Licking the floor probably won’t hurt anything, but if your dog is licking itself too much, it could cause the formation of bald patches and even lead to the development of sores on the skin. If your vet has determined that your dog’s licking is not the result of an allergy or other problem, there are several ways to try and get them to stop.
How To Stop Your Border Collie From Licking
While many owners love kisses from their pup, others may find it less appealing – or at least understand that not everyone enjoys being greeted with a slurping tongue.
If you want to train your dog not to lick, the first thing you have to do is identify the cause. Is the licking part of a general habit, or is it tied to a specific activity or time of day?
If it’s the former, you can train your border collie not to lick by not rewarding the behavior. When your dog licks, simply do not respond, escalating to a mild correction if they persist.
If it’s the latter, you need to break the association between licking and that particular activity. Try a new kind of play, or offer a favorite toy. The simple Kong toy as been known to keep dogs busy and can help reduce this behavior (check it out on Amazon). If they lick you, pull your hand away and tell them no.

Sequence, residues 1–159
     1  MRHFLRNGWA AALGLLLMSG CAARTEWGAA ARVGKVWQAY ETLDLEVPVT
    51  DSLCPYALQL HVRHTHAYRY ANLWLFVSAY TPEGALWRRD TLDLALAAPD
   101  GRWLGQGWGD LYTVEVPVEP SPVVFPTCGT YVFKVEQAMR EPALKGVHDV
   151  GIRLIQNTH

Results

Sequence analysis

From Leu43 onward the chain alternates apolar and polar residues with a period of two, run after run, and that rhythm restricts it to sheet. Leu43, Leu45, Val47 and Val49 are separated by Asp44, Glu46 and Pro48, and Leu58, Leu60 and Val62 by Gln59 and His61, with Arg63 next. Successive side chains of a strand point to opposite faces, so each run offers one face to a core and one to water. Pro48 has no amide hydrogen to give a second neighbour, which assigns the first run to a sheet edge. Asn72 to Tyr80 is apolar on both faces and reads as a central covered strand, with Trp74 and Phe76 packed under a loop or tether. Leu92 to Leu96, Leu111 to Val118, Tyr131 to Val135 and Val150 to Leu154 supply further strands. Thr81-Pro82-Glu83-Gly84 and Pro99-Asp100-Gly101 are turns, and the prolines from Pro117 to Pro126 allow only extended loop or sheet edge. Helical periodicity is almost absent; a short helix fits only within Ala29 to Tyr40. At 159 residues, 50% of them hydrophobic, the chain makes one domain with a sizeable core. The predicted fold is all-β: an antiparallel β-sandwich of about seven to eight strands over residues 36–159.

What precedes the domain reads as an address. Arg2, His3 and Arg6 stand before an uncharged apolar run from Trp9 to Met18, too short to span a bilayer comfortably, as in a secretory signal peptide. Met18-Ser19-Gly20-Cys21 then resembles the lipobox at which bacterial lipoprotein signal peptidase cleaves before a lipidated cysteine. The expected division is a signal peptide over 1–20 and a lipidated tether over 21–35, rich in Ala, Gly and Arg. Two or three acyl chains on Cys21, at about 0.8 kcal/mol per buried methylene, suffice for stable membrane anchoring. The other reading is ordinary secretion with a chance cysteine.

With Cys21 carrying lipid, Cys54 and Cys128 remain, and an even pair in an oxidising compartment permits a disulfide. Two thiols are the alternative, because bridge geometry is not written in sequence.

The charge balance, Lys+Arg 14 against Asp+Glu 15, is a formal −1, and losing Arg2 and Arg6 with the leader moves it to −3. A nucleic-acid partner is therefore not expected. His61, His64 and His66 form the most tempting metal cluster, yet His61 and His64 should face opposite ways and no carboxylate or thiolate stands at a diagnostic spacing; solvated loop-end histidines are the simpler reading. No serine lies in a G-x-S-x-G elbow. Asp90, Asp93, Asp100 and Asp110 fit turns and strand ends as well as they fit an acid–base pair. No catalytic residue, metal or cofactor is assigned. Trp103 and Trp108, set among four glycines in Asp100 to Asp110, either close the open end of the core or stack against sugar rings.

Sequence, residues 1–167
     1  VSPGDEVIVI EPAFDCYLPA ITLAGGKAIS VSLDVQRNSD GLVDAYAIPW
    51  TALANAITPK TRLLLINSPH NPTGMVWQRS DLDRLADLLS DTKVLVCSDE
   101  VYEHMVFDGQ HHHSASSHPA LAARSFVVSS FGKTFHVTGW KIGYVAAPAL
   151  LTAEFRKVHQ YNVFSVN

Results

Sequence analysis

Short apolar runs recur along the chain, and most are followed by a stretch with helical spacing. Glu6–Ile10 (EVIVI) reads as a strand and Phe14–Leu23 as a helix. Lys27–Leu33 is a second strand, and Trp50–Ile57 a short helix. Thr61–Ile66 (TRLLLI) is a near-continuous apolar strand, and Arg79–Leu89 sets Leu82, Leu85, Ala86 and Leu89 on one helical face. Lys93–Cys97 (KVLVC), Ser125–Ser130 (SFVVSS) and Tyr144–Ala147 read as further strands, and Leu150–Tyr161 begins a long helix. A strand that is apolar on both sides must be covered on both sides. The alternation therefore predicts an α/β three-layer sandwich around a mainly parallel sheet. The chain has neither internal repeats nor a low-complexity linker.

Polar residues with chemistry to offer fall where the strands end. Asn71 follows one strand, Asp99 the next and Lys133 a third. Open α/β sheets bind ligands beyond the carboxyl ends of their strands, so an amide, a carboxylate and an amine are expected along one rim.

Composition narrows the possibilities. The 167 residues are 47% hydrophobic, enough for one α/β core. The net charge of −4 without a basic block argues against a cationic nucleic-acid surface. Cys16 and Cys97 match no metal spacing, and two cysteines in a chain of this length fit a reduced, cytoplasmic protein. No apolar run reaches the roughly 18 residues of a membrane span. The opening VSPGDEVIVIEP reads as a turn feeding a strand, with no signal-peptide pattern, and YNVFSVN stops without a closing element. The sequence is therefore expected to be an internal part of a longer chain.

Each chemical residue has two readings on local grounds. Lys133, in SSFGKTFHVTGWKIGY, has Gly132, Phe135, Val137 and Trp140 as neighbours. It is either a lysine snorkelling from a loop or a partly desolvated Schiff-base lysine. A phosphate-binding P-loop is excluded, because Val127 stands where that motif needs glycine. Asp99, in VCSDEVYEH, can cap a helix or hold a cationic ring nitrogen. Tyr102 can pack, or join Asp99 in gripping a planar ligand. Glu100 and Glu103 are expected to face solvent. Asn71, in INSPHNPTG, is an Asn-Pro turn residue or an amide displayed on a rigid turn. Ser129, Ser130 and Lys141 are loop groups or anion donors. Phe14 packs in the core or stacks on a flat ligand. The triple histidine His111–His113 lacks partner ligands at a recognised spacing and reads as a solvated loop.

It may take some time, and you’ll have to be consistent, but border collies are smart and want to please. Eventually, if you keep working with your dog, your efforts should succeed. If you need some guidance with training your dog, Brain Training for Dogs is an amazing online training program and will help you with this issue and so much more.
Your border collie loves you, and licking is one of the ways he uses to show his love. If you’re not a fan, there are ways to curb the habit, but since it’s instinctive, you may never eliminate it completely. There are lots of ways to show your dog what you want them to do instead, however. After all, since making you happy makes them happy, your border collie will probably be thrilled to learn your preferences!